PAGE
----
Football can be played almost anywhere. In the garden, down the local park, in a sports centre, at a local club, or even on the beach. It’s such an accessible sport that anyone can get in to, whatever your age. You can also decide if you’d prefer to play indoors or outdoors. And on which type of surface. 


Small sided games such as 5-a-side are often played on indoor pitches. They traditionally have hard wooden floors, and are usually in leisure centres or purpose built facilities. Of course there are the standard grass pitches for a more traditional game, although the ground can often get very muddy in wet conditions. And then there are artificial pitches, like astroturf and the increasingly popular 3G and 4G artificial pitches. These tend to be purpose built facilities and are popping up all over the country, so you’re likely to find one not too far away.

Here is some more information about all the different types of pitches out there, and where and why each is used:

  • Hybrid Turf: Today’s top-level football pitches look pristine and play even better. Back in the 1960s and 70s, the winter rain turned English football pitches into mud baths. The country’s best players would slide around, covered in mud and water. So why are things so different today? The secret is hybrid grass: part real, part synthetic. This surface is now used in all the big stadiums. It has all the positive properties of natural grass, but with the strength and durability of artificial grass. A hybrid grass surface is much more durable and hard wearing than natural grass, it isn’t so affected by bad weather, and it can stand many more playing hours. Perfect for a pitch that’s played on regularly. 
  • Natural Grass: Still used by some professional football stadiums, natural grass pitches can vary in quality depending on how they’re constructed, and the type of seed used. Unfortunately real grass pitches can limit fixtures compared to synthetic and hybrid grass as they are reliant on weather conditions, as well as extensive maintenance. This is why hybrid turf now tends to be the more preferred option.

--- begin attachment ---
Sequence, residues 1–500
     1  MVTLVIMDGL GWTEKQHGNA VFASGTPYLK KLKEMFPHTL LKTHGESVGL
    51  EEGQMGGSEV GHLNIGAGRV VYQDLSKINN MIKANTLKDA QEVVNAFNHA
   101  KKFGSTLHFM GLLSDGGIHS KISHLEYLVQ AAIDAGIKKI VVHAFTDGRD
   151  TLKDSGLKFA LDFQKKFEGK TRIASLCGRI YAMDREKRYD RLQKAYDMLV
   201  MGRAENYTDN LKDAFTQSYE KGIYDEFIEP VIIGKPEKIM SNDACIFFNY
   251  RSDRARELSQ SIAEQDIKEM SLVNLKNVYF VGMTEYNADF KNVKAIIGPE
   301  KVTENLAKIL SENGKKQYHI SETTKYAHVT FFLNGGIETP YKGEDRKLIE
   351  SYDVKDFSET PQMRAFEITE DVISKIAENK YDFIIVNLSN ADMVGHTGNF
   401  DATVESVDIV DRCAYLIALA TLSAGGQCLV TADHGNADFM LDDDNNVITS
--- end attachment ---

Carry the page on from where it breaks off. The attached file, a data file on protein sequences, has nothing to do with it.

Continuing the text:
• Artificial Turf: Many clubs opt for artificial surfaces as there is a huge cost saving compared to the costs of maintaining real grass pitches. Artificial grass also allows clubs to use their pitches all year round. The first generation turf systems of the 1960s have been largely replaced by the second generation and third generation (also known as 3G) turf systems. Second generation synthetic turf systems feature longer fibers and sand infills, and third generation systems, which are most widely used today, offer infills that are mixtures of sand and granules of recycled rubber. There are now also fourth generation, or 4G pitches. The main difference between 3G and 4G surfaces is that 3G pitches contain infill, whilst 4G systems do not. 3G pitches are the latest to be recognised by any accredited governing body. Therefore, you will only find 3G pitches being publicly endorsed by sports teams or influencers.


You can find a local club that’s right for you, whether you’re looking for football for beginners, football for toddlers, junior football, youth football, kids football, football for children, football for teenagers, boys football, girls football, disability, adult and veteran football teams. Take a look at our handy sport activity finder for clubs and events near you, or on The Football Association website. Or even just a quick internet search will surely bring up lots of local places you can play football, or clubs you can join.